Officially In the Books

Street Talk Officially In the Books

Posted in Street Talk
Print this article

The sudden death of former NBA star Kobe Bryant cast a pall over the 2020 Pro Bowl.

Players on both the AFC and NFC teams acknowledged the shock of losing such an icon at the age of 41. 

The game was played and the Ravens players put an exclamation point on the finest regular season in franchise history.

The moment was not too big for quarterback Lamar Jackson, who 16 of 23 for 185 yards passing with two touchdowns and an interception (104.4 passer rating). Jackson helped lead the AFC to the 38-33 victory and was named the game’s offensive MVP.

Jackson didn’t stray too far away from his teammates and found teammate Mark Andrews for a three-yard touchdown pass that tied the game 14-14. Andrews led all AFC receivers with nine receptions for 73 yards. 

Another positive sign for the Ravens was the performance of running back Mark Ingram, who was hampered by a calf injury late in the season. Ingram managed just six carries in the 28-12 loss to the Titans in the divisional round of the AFC playoffs. Ingram had a game-high 31 yards on five carries in the Pro Bowl.

On the defensive side of the ball, safety Earl Thomas had a late interception that helped seal the win when Minnesota quarterback Kirk Cousins floated a deep pass on the substitute onside kick rule. Under that proposal, a team that has just scored can opt to run a single play from its own 25-yard line as opposed to attempting an onside kick. If the team gains 15 yards, it gets to keep the ball, and the game continues. If the team fails, the opposition takes over where the ball is downed. The owners and players are still debating whether to keep that rule for regular-season games. 

Ravens cornerback Marlon Humphrey tied for a team-high with three tackles. Linebacker Matthew Judon also had a tackle.

The other Ravens were named to the AFC roster were right guard Marshal Yanda, left tackle Ronnie Stanley, right guard Orlando Brown Jr., fullback Patrick Ricard, kicker Justin Tucker and long snapper Morgan Cox. Cornerback Marcus Peters opted not to play because of an injury.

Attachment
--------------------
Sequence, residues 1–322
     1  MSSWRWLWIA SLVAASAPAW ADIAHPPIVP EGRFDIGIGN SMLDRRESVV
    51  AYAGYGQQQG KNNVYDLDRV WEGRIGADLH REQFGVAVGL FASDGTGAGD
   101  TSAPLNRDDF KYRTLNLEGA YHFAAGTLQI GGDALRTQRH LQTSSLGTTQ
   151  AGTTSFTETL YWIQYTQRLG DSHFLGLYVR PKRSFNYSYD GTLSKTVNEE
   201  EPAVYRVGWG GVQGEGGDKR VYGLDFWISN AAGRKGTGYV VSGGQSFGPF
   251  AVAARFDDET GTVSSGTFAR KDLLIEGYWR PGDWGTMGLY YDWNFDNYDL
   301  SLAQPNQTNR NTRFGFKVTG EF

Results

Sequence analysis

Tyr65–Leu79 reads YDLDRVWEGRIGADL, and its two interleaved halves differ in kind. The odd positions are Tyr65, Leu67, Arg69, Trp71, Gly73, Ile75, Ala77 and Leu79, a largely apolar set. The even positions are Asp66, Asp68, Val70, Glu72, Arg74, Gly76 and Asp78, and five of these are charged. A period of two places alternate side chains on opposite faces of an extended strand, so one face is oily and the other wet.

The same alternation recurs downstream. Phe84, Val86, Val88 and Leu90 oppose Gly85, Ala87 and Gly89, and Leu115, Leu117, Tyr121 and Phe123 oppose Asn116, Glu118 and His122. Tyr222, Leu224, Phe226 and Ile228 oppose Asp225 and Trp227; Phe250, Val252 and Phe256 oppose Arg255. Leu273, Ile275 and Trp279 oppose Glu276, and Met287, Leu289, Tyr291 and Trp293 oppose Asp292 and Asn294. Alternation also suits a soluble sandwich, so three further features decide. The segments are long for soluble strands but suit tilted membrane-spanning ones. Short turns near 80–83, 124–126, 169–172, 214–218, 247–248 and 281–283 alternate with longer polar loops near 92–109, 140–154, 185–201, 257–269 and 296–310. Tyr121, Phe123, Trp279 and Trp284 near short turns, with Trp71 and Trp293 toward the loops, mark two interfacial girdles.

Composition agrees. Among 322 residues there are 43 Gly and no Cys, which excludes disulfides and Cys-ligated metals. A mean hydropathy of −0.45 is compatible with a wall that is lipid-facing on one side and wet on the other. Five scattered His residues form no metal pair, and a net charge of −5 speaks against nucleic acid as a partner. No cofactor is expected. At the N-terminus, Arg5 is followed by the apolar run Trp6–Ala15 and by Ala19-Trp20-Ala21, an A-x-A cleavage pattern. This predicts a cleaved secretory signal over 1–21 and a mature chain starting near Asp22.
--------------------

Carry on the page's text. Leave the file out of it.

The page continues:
John Harbaugh and his coaching staff led the AFC team. 

Many of the Ravens players and coaches were hoping the game would be therapeutic and take away some of the sting from the playoff loss to Tennessee. 

“It’ll be fun, and it’ll be a chance for us to kind of maybe heal up a little bit in a great environment,” Harbaugh said about the game. 

While the players will be able to get some time off, the Ravens front office and coaches won’t waste much time getting back to work and preparing for the 2020 season. Many of the team’s personnel will congregate at owner Steve Bisciott’s home in Florida to begin mapping out a plan in the next week or so.

The Ravens enter the offseason $21.3 million under the league’s salary cap, according to RSR Capologist Brian McFarland.  They must decide if they want to create more space by releasing several veterans, including safety Tony Jefferson ($7 million in savings), offensive lineman James Hurst ($2.75 million) and cornerback Brandon Carr ($7 million). 

Yanda told reporters at the Pro Bowl that he is still undecided about returning for a 14th season. The Ravens also must decide whether to sign several unrestricted free agents or perhaps use a franchise tag on a player like Judon. 

[Related: An Encore for Yanda?]

Then, there’s the 2020 NFL Draft where the Ravens currently own the 28th overall selection. 

One way or another, the Ravens are going to have a different look in 2020 as they try to make another run at the Super Bowl. 

“It is going to take scheme, and it is going to take roster improvement,” Harbaugh said. “Our scheme and our roster helped us to be the very best we could be this year, under the circumstances. If you step back and look at the big picture, what we have been able to do as an organization – starting with [president] Dick [Cass] and then [executive vice president] Ozzie [Newsome] and Eric  and his group, and [owner] Steve Bisciotti overseeing and directing us – it has been pretty darn remarkable.” 

Share This  
Todd Karpovich

About Todd Karpovich

Todd Karpovich has been a contributor for ESPN, the Associated Press, SportsXchange, the Baltimore Sun, among other media outlets nationwide. He is the co-author of “If These Walls Could Talk: Stories from the Baltimore Ravens Sideline, Locker Room, and Press Box,” “Skipper Supreme: Buck Showalter and the Baltimore Orioles,” and the author of “Manchester United (Europe's Best Soccer Clubs).” Karpovich lives in Towson with his wife, Jill, daughters, Wyeth and Marta, and a pair of dogs, Sarah and Rory. More from Todd Karpovich

Subscribe To Our Newsletter

Join our mailing list to receive the latest news and updates from our team.

You have Successfully Subscribed!